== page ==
About 50 acres in Melrose, Florida. It is almost entirely in pasture. The grass is mostly Bahia with some Bermuda mixed in and is very well established.
If you dig through the turf, it's beach sand clear to China.
As a result, we can only raise row crops in well amended garden plots. Not too much of this has been done so far.
This photo is the front of the main house taken from the road at the beginning of our driveway. We moved to this small farm in May of 2004 and we have grown this farm into a good little business. The farm was run for quite a number of years as a cow calf operation. The guy we bought it from had 20 mama cows and a bull. It had wonderful fences and was cross fenced into three separate paddocks. Several water tanks were in place. It had a pole barn, a two car size carport type building for equipment storage, and a twelve by twenty four workshop.
Jim's grandfather was a "Real Farmer". He had a large farm in south central Minnesota. By most any standards he was successful. Jim's uncle took over the farm eventually and his cousin still runs it.
Jim's father was a "Gentleman Farmer". He was a teacher by trade, but they had a 392 acre cow calf operation where his brother and he worked. Guess you could say this was his pop's hobby. During these years Jim also worked for the Vet, riding along on farm calls. He basically held down the critters while the vet did terrible things to them.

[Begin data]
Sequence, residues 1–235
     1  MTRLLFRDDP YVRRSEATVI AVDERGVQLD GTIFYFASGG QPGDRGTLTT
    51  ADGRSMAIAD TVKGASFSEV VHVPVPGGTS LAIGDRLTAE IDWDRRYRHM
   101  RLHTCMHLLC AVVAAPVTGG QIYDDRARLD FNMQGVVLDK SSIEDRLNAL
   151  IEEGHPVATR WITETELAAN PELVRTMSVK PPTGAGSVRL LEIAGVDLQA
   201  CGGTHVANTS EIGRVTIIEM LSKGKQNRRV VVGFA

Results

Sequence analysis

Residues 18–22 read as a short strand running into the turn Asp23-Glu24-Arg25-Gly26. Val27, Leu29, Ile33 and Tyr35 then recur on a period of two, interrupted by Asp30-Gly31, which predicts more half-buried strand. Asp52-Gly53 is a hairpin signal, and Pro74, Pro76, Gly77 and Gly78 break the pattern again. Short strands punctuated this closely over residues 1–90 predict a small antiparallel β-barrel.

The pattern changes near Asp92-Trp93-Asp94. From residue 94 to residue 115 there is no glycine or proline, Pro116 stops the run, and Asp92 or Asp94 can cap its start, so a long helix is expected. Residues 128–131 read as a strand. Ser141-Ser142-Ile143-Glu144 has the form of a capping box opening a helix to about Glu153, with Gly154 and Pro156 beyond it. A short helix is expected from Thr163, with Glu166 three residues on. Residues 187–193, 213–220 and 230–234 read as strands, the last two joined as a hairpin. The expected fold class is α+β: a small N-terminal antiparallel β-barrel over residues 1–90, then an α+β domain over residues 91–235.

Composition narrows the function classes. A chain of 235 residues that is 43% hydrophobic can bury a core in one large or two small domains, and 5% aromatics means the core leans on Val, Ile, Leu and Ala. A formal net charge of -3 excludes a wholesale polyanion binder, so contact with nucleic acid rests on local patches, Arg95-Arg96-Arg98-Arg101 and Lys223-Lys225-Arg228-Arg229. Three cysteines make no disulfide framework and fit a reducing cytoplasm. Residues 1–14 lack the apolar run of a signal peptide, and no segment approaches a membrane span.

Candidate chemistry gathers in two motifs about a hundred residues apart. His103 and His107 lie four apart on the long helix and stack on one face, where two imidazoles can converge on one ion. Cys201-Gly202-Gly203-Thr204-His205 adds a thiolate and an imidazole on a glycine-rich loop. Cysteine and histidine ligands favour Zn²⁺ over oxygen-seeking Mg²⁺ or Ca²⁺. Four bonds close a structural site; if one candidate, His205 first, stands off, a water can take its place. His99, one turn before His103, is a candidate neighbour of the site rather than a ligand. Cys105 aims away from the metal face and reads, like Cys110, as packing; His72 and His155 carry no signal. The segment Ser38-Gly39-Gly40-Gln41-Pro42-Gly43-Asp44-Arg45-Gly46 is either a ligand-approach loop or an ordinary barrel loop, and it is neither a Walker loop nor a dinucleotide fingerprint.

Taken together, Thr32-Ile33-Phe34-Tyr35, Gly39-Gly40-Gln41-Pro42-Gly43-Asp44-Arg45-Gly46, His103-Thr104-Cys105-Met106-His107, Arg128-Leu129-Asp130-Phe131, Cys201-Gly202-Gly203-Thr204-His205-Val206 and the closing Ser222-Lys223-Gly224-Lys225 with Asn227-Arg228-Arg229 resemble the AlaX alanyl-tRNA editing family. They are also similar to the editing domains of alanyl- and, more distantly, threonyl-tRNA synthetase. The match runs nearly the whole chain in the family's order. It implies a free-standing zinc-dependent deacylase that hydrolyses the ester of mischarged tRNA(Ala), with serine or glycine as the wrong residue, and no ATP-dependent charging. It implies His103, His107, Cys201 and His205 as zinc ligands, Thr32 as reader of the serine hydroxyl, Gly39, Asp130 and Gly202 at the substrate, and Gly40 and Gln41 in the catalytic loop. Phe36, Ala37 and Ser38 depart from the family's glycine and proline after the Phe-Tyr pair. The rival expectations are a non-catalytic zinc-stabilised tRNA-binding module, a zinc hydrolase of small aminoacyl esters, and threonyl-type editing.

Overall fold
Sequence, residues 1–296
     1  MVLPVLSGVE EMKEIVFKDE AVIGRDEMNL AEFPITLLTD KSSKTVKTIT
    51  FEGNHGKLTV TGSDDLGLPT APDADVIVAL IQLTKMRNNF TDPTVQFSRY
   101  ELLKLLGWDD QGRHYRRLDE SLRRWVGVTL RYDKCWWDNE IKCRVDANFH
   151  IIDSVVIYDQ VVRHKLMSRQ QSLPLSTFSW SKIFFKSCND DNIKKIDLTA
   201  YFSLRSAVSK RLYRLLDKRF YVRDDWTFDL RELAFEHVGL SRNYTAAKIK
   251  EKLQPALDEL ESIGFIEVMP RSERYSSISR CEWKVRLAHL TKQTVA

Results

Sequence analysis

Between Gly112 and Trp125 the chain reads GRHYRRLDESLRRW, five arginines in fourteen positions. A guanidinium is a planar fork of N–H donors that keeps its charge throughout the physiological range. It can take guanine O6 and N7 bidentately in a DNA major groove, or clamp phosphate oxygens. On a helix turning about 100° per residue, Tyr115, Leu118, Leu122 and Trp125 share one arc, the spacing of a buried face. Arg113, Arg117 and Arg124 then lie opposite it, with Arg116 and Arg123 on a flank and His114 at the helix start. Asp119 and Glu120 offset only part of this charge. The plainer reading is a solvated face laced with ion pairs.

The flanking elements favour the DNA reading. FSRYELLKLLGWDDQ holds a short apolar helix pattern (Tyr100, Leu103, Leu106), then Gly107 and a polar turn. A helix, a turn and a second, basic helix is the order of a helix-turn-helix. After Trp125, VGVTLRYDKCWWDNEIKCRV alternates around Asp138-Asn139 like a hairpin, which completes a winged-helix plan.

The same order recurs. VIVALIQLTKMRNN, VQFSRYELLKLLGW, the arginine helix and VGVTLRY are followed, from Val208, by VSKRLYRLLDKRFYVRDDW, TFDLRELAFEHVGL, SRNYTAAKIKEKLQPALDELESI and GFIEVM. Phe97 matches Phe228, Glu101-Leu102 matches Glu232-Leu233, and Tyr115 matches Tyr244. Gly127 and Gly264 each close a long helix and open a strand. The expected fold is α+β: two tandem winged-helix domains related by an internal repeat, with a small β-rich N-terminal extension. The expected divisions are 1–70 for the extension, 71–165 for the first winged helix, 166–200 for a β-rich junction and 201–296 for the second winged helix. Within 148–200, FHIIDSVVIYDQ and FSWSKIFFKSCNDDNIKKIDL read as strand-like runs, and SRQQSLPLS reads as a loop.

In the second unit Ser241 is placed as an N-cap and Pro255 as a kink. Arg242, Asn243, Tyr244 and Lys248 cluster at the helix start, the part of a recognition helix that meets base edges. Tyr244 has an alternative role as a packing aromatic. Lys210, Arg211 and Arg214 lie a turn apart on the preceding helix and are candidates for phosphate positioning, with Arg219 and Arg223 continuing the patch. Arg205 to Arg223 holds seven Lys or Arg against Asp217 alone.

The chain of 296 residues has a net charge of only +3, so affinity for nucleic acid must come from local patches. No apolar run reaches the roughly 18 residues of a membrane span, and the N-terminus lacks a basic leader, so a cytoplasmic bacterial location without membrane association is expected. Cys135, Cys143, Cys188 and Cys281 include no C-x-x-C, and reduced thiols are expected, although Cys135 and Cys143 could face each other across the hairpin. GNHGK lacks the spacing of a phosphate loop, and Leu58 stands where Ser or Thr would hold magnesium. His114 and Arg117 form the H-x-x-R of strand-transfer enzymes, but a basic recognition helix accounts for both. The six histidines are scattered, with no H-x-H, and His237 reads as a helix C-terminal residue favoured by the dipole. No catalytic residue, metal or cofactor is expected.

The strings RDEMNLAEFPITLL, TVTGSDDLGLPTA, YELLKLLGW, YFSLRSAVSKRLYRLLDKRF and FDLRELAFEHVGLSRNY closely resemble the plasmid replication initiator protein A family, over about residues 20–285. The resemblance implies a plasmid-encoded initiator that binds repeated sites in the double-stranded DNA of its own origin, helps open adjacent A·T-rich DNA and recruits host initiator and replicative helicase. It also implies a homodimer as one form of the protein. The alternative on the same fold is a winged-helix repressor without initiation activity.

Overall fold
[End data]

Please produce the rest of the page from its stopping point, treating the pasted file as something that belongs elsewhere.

Now I, Amy, never grew up on or around a farm. I am an "Air Force" brat and consider myself as growing up as a "suburb girl" and never...ever...thought I would be living and working on a farm. And in the time we have lived here, I have learned about all the hardships along with the joys of farming/ranching. I "retired" in May of 2010 from my full time retail career and am now part owner and full time farmer/rancher of A3Farms and LOVE it.
The photo below is a google earth aerial photo of our small farm. The long thin rectangle in the center is the part of the land we own, just under twenty acres. The two open pastures on the left are something like twelve acres that belongs to my neighbor, with whom we have an agreement that lets our sheep graze it. The odd shaped area on the right is about 15 acres that belongs to a different neighbor. We rent this land.
So far, we tried sheep, cattle, poultry, and a very small amount of gardening.
We used to call this "Adventures in Amateur Agriculture" because when this all started it was supposed to be a hobby. We have been doing this for over 6 years now and since it is no longer Amateur and is a real business, the A3 stands for "Adventures in Alternative Agriculture".
Whatever it is called, it still surprises us how much we enjoy this.